BETTER SOLUTIONS FOR A BETTER CITY | The Daily Star
12:00 AM, May 25, 2017 / LAST MODIFIED: 12:00 AM, May 25, 2017

BETTER SOLUTIONS FOR A BETTER CITY

In conversation with BRAC Urban Innovation Challenge winners

A significant stage of an even more significant campaign saw its conclusion on May 7, 2017, when the winners of the BRAC Urban Innovation Challenge were announced. Bringing new ideas for the transportation, health, and employment sectors of the economy – teams AmarBike, Driver Mela, Bhumijo, Bloodman, Servicing Campus, and special mention Identity Inclusion – are now ready for the next stages of incubation and implementation. 

Navil Mostafa from AmarBike, Md Masudul Islam from Bhumijo, Abu Sayed from Servicing Campus, and Bushra Adel from Identity Inclusion, along with Salman Sabbab and Md Nazibul Islam Sharker of BRAC Social Innovation Lab, conversed with SHOUT to discuss how they envisioned a Dhaka city for the generations to come.

Dhaka is not new to the idea of app and location-based on-demand transportation services anymore. AmarBike, a tech-enabled rapid motorcycle transportation start-up, claims to be the country's first. 

“We are the pioneers of the service in Dhaka, and we're still improving. In combating the transportation crisis, we've faced new challenges within our own venture, and so now we'll be focusing on how to make the process smoother and customer-oriented; we've already started working on developing our app,” said Navil Mostafa.

The idea for Servicing Campus was conceived by Abu Sayed, resident of Rangpur, who established a servicing company to provide technical skills and training to high school and college dropouts. He reminisced on a special incident which made him pursue this path, “I stumbled upon an old classmate working at a restaurant. I realised he had dropped out of college, and it stirred inside me – what could I do so that they can become self-dependent?”

Bhumijo, on the other hand, looks forward to public-private partnerships. While there are government-installed public and mobile toilets around the city, they are not all accessible, some downright unhygienic. As Masudul Islam explained, “We want private businesses, for example restaurants and offices, to partner up in order to let the public use their washroom. It is a popular concept in the developed world, and we see no reason why it can't be realised here when sanitation is a real issue.”

Awarded “Special Mention” by the jury in the same category, Identity Inclusion focuses on creating a youth network of social workers to provide psychosocial services. “People with a past of mental health issues continue to face the stigma even after they go back to their normal lives. We not only help them overcome that by linking them up with possible internships and employment opportunities, but train them to further counsel the future users of our service,” described Bushra Adel.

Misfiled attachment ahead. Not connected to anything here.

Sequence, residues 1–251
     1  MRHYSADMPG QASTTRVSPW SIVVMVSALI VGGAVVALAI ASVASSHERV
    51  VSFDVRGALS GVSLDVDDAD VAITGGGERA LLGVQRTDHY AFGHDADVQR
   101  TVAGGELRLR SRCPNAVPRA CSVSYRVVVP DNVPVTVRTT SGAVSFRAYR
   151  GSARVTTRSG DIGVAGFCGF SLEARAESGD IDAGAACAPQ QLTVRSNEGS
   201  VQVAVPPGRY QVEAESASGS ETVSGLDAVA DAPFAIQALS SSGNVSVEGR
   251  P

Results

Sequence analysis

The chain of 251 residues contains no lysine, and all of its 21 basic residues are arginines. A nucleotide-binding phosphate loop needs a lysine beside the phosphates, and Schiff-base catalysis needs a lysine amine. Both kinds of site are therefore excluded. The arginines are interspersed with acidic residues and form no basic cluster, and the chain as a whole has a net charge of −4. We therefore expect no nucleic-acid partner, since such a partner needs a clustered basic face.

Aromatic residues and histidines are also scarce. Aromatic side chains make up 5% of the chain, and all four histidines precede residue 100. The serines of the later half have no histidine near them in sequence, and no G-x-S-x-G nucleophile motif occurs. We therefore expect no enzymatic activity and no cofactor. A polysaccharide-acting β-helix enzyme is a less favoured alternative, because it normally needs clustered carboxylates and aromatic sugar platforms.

The winners agree that the primary ideas were very raw to begin with, and it was BRAC Social Innovation Lab's guidance and training that presented a real roadmap for success. Throughout the course of a few months, selected teams attended workshops and discussions before they presented their ideas to a panel of juries. The experience of the Urban Innovation Challenge was a huge addition to their individual learning curves.

“As an architect, it was easy for me to 'design' my idea. However, it were the workshops at BRAC Social Innovation Lab that taught me how to turn it into an entrepreneurial venture,” shares Masudul, and Abu Sayed joined in, saying, “It wasn't a cakewalk for us - a small team from Rangpur with big dreams. The trainers and coordinators at BRAC boosted our confidence at each step of the way, so now we can move forward to implementing the ideas.”

Similarly, the crew from the Social Innovation Lab had nothing but praise and well wishes for the teams. “The ideas have come a long way and BRAC will continue to support them till they find investors and even beyond. Also, we keep contact with teams that haven't made it to the top five and plan to help them formulate their ideas as well,” mentioned Salman and Nazibul.

The other two teams, Driver Mela and Bloodman, were contacted over the phone. Driver Mela – Taifur Azam Mojumder, Abdul Monayem Asif, and Priyanka Chakraborty - is a team from Department of Marketing, University of Chittagong that helps drivers find employers and vice versa, whilst providing soft-skill training to the drivers. Team Bloodman – Sahariar Hasan Jisun, Mehedi Hasan Nayem, Nusrat Jahan Jitu, and Shadman Sadab – started with their database and mobile app for people who are seeking blood donors. The teams won accolades in the employment and health categories, respectively.

The ideas are currently in their incubation stage and later on will be presented to funding organisations for potential investments. The teams are excited for the next journey, and not only because the future looks better for the city. In their own words, “Every idea that has been presented in this Urban Innovation Challenge is a winner, because they all serve for the development of Dhaka.”

To know more about the BRAC Urban Innovation Challenge, visit http://uic.brac.net

Kazi Akib Bin Asad is a Sub-editor at Shout who likes to travel and collect puns from all over the world. Follow him and his adventures on instagram.com/akibasad

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